For When Internet Jok

Although I’m often amazed at how great telecommunications work in this country, there are still stretches of time when Internet jok — there’s no internet. In anticipation of those long hours, days, weekends, I like to load up on reading material while at work or cafes. Much of what I read gets only a quick skim, but I thought I’d compile some of the things that made me look twice and think a while. Given where I am and what I’m doing, most of these articles (and any I post in the future) are about Kyrgyzstan or, more broadly, Central Asia, international development, foreign policy, feminism, and language. Enjoy.

Credit: RFE/RL, Ulan Egizbaev.

“Not drink shots. Gun. Bang. He cassez tri bottles, one shot. Then Russian man: ‘you think you cassez three bottles, one shot? I faire l’amour with tri women, one time.” He pauses for effect. “Chernobyl.” He wanders off, convulsing with laughter, the cup still in his hand.” It’s Better in Uzbek

“Many people don’t want to sit with a village leader in a tent and eat with their hands,” Stewart said by phone from Cambridge, Mass., where he is the director of the Carr Center for Human Rights Policy at Harvard’s Kennedy School. “It’s much easier to announce an initiative to ‘stabilize Afghanistan.’ There’s a lack of realism.” Still ‘Ugly’ After All These Years

“Home is where all the silence and the shame and all the taboos fester,” she says. “But what makes me optimistic is it’s also the home where all those women who went out and marched and fought side by side and were hurt and were detained and were violated: they went home with the men and looked at the men and on many levels have said you know: You’re just like the guy that I just tried to overthrow. So taking the revolution home, it might seem like it’s a very quiet process, it might need much more time. But that Mubarak at home knows that his time will come and that we will have a reckoning.” Muslim Feminists Rewrite Boundaries On The Street And At Home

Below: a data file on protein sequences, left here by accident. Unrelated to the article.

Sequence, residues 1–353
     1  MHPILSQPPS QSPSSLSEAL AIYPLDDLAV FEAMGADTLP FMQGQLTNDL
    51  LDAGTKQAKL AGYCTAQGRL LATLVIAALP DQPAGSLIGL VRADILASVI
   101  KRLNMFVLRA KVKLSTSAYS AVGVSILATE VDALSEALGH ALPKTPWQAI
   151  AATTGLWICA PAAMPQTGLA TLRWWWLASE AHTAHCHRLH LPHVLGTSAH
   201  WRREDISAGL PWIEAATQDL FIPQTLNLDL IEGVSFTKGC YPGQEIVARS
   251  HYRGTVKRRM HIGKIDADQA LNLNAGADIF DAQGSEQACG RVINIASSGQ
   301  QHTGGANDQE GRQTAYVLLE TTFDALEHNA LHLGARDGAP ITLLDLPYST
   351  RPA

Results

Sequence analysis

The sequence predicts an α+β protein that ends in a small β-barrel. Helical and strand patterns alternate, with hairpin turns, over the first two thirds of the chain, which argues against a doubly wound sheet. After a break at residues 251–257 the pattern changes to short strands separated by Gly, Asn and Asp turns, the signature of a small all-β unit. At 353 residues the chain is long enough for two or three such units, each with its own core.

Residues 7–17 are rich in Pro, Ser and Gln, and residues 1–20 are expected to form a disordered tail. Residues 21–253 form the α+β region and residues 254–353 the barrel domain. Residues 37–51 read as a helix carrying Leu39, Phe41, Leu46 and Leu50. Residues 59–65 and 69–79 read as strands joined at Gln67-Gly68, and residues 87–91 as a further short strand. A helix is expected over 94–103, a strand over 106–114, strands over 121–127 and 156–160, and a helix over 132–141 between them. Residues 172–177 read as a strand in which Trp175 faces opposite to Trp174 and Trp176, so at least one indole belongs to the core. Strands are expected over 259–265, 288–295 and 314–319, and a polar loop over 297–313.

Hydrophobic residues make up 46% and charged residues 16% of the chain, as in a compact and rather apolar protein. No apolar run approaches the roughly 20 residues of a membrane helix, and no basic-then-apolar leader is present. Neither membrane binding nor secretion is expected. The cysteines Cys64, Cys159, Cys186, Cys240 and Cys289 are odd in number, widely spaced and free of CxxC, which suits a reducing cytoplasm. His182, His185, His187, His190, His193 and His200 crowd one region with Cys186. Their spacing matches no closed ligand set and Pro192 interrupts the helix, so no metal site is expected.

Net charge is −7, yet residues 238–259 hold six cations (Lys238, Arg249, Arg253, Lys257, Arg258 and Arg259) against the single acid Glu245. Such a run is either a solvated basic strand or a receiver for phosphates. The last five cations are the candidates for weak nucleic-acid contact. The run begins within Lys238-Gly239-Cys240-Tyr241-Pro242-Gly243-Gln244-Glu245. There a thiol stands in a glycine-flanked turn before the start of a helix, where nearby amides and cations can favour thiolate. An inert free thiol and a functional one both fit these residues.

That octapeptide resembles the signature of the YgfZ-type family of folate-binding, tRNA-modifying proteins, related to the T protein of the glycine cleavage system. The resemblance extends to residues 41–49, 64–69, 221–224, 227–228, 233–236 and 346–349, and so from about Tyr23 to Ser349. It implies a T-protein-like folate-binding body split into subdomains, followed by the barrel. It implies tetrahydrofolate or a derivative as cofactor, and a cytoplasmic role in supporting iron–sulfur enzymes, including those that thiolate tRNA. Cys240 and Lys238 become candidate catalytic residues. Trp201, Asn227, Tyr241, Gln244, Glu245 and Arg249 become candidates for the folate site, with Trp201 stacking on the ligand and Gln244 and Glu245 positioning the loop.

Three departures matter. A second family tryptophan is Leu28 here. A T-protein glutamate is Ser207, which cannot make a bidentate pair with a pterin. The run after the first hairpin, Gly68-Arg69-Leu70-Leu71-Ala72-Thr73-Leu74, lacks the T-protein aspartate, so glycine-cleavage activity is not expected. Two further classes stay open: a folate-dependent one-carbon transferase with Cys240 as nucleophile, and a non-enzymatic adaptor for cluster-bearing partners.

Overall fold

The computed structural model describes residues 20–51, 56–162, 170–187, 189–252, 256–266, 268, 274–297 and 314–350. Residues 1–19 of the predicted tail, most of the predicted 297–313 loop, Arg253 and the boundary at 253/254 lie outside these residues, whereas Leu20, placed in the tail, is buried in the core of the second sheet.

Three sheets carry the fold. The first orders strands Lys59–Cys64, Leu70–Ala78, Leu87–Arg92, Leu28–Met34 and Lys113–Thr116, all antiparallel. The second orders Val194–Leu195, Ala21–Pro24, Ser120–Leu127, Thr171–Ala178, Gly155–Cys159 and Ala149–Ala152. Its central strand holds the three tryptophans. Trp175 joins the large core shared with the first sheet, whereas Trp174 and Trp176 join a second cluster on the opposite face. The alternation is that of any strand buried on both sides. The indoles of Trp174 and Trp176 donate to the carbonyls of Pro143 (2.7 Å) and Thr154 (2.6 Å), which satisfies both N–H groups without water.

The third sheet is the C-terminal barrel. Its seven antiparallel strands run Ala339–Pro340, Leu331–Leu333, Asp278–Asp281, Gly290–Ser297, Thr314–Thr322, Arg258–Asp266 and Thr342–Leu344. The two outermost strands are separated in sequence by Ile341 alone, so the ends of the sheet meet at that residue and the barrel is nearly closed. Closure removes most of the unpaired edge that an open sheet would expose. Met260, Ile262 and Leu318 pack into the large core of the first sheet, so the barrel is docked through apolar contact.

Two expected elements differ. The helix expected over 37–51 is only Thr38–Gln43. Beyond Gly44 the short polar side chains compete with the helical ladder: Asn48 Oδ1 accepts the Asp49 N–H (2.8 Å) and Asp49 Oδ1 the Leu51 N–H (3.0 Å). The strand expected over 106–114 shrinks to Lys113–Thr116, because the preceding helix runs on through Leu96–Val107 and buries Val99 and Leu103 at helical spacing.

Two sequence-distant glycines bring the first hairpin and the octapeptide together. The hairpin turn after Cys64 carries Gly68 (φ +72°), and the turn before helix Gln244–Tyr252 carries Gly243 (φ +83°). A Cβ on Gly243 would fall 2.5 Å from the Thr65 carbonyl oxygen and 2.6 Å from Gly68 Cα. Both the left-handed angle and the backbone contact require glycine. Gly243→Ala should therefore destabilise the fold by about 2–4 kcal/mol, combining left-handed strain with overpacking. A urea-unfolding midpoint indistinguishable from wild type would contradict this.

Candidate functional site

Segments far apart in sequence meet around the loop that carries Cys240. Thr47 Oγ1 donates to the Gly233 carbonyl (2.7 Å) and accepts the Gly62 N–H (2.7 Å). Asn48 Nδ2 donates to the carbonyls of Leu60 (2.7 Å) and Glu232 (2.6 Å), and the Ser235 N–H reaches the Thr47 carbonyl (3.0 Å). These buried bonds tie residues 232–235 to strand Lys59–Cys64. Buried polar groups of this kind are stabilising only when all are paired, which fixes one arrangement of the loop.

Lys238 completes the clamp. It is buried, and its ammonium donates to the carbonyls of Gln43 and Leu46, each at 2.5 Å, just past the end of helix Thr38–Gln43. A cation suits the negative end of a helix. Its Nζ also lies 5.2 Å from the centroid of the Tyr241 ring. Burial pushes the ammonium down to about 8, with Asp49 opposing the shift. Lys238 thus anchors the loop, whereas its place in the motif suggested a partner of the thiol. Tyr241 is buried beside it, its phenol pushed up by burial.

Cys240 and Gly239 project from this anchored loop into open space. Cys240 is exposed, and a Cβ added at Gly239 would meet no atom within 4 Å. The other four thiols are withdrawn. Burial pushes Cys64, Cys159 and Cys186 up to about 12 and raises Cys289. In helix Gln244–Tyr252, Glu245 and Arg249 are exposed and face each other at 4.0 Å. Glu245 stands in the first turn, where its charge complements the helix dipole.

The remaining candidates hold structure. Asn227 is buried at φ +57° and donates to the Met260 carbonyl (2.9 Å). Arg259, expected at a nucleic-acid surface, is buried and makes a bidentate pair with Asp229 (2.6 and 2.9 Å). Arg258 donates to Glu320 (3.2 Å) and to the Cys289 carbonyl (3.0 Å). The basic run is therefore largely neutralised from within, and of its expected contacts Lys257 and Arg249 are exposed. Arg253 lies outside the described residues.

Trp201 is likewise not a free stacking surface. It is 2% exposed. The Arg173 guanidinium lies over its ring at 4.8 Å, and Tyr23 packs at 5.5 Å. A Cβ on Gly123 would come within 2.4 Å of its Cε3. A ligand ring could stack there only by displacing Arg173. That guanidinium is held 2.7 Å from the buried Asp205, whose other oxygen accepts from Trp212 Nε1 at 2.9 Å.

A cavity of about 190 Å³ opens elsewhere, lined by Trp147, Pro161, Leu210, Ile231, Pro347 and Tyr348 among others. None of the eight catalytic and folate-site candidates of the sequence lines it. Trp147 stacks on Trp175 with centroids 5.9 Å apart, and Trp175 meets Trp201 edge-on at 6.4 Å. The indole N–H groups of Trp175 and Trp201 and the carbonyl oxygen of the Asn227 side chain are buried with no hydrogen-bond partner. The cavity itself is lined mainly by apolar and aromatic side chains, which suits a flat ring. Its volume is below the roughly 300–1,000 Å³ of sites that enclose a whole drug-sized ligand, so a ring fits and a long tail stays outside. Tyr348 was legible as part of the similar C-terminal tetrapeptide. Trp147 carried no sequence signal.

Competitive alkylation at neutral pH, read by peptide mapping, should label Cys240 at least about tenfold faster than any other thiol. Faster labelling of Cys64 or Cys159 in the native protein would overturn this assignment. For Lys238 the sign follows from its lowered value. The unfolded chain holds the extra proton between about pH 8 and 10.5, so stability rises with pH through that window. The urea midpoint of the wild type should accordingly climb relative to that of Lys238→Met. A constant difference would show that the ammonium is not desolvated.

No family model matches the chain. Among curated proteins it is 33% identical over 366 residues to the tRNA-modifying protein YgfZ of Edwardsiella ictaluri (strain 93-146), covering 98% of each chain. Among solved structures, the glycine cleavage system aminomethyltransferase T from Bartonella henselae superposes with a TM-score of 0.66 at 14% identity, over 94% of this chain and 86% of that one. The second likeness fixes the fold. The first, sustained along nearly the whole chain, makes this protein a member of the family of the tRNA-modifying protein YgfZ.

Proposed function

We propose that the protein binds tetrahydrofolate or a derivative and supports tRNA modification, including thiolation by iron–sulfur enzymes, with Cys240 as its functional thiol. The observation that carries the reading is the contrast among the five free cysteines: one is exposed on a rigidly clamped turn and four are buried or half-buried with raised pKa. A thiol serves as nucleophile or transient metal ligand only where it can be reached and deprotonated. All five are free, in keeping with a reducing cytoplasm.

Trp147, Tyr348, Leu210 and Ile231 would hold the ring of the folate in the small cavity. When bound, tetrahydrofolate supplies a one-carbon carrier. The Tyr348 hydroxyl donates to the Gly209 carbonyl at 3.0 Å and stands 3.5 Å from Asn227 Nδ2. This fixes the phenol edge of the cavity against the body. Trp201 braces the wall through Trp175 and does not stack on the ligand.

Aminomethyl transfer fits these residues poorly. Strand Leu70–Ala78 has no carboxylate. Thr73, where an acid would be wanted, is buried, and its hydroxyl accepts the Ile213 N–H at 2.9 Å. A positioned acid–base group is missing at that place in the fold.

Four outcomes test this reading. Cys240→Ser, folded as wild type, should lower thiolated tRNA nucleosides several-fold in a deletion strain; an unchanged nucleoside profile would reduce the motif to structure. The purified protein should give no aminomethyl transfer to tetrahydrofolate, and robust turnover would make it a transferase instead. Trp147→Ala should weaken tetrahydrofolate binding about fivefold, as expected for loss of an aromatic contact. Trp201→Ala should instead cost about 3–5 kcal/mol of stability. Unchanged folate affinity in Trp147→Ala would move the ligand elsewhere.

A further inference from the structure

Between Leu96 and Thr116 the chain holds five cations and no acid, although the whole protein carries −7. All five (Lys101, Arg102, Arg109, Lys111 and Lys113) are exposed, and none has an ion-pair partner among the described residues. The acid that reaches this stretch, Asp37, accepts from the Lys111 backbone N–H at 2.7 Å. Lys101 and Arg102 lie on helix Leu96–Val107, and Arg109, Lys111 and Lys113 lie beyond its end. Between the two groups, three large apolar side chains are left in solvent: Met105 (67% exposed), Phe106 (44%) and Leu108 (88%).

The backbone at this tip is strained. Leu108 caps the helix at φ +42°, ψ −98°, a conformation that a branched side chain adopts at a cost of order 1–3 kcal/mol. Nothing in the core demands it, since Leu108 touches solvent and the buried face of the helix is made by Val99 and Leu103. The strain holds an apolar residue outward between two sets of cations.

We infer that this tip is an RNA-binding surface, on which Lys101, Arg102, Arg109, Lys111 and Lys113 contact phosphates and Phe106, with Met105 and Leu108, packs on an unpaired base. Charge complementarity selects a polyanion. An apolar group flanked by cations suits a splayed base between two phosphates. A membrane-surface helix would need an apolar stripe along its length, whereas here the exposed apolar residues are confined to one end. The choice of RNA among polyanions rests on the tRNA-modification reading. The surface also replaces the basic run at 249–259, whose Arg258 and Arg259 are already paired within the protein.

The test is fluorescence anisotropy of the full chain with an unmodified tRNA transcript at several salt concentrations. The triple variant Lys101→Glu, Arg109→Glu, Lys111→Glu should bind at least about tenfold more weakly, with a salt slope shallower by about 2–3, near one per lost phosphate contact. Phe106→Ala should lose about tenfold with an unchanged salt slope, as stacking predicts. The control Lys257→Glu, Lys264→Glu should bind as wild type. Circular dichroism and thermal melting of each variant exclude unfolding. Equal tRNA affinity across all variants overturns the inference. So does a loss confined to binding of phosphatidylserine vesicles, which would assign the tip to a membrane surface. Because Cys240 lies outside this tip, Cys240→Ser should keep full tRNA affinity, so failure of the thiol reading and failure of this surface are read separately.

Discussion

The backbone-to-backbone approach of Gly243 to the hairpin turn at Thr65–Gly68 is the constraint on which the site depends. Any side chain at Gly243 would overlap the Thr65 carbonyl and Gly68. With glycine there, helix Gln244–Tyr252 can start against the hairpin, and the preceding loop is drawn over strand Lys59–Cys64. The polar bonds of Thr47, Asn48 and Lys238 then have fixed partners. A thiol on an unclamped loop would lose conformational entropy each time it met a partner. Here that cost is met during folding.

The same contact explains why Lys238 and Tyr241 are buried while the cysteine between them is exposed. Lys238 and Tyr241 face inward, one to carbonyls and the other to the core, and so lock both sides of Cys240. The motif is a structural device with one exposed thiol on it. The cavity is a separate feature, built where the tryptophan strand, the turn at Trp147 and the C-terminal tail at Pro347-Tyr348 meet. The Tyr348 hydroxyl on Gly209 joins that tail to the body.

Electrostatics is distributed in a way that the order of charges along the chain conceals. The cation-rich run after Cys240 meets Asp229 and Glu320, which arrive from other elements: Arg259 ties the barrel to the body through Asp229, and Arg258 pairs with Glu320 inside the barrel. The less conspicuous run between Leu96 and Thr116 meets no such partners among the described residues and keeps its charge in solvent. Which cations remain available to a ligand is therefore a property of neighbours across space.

“For the traveller, the great uniting joy of all the countries of the former Soviet Union is, I have always thought, their taxis and their taxi drivers. Central Asia is no exception: a short trip in an Uzbek cab contains the same mix of lurching acceleration, cheesy music, lax safety regulations and good-natured skeeziness that holiday-makers usually go looking for in end-of-pier amusement parks.” Go forth and multiply: Notes from an accidental fertility tour of Central Asia

“There are several key take-aways. The first is that efforts to influence group identity in positive ways — such as programs that engineer cross-border contact — may not work the way we think they do. The second is that “community” at the international level may not be so important after all. Although treated students did not come back with a stronger “we-feeling,” they did show a lessened tendency to view “the other” as threatening. Cross-border contact may still be a strong force for peace, even if community is not the underlying mechanism.” The surprising effects of study abroad

Portraits of Jailoo

“People self-report that they feel like a different person when using their different languages and that expressing certain emotions carries different emotional resonance depending on the language they are using.” How the language you speak changes your view of the world

“But if even I can sometimes forget what war felt like, I know how hard it can be to “feel” something you’ve never experienced as a policy maker in Washington. With future generations of the Middle East being shaped by the atrocities of war, it has never been more important to find ways to connect, to listen to different voices, and to understand the long-term implications of festering conflicts in this region.” Departing Washington. Next Stop: Reality


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